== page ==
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San Francisco’s Parklets Transform Parking Spaces Into Urban Oases
Local design studio Rebar was instrumental in developing the concept of using public parking spaces to create a more engaging use for the public – even temporarily. Rebar’s original project started in 2005 with a public art intervention called “PARK(ing)”, in which the designers paid to use the parking space for two hours like any other vehicle, but then renovated it into a temporary public park instead. A statement on the lack of public open space in many of San Francisco’s busy downtown areas, the project morphed into “PARK(ing) Day” – a yearly tradition of guerilla (and increasingly, city-sponsored) art installations in cities worldwide.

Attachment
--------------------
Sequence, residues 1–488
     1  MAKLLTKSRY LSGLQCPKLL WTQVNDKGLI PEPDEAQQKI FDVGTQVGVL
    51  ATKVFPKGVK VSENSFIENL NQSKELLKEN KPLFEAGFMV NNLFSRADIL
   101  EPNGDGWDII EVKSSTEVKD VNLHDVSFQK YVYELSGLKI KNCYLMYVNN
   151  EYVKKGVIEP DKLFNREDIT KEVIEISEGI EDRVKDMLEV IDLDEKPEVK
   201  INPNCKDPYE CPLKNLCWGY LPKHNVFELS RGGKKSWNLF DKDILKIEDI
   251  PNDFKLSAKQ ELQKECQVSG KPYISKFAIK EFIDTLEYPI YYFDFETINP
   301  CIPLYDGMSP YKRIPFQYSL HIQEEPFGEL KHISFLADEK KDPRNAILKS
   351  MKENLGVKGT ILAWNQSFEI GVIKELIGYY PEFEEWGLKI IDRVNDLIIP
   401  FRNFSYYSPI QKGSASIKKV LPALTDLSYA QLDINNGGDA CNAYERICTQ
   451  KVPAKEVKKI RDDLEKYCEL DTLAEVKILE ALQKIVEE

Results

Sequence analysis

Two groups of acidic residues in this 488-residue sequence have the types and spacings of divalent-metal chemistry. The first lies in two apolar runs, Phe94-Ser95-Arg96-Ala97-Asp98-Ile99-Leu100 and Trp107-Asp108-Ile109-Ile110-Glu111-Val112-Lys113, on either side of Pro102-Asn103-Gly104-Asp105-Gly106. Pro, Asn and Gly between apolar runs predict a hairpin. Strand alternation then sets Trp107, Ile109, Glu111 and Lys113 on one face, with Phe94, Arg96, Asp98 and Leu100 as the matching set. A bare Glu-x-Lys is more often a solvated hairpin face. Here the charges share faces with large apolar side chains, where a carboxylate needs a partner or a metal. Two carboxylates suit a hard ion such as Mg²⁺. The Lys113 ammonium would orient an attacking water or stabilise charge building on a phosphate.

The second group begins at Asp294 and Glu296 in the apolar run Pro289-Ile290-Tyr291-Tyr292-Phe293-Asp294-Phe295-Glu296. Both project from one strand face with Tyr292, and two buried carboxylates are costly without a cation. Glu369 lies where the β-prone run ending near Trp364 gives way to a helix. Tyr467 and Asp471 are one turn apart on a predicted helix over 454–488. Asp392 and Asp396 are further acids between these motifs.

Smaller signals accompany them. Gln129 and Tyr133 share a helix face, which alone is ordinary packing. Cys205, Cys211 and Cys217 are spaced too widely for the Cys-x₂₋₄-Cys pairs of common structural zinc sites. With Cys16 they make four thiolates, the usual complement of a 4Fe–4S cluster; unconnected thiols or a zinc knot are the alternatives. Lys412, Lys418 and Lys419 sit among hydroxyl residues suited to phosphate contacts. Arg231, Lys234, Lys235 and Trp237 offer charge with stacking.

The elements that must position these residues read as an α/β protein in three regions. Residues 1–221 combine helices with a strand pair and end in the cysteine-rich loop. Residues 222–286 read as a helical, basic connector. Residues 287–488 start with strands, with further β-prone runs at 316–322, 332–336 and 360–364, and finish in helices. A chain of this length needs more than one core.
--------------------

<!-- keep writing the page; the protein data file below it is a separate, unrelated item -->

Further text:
With streets and other paved surfaces making up a full quarter of San Francisco’s land area, reclaiming wide zones of wasted space at curbsides, intersections, alleys, and other spots is a key motivation behind the growing parklet program. San Francisco’s Department of Planning is teaming with other city agencies, businesses, and key stakeholders to evaluate the success of the project as it enters its third iteration in the coming year.
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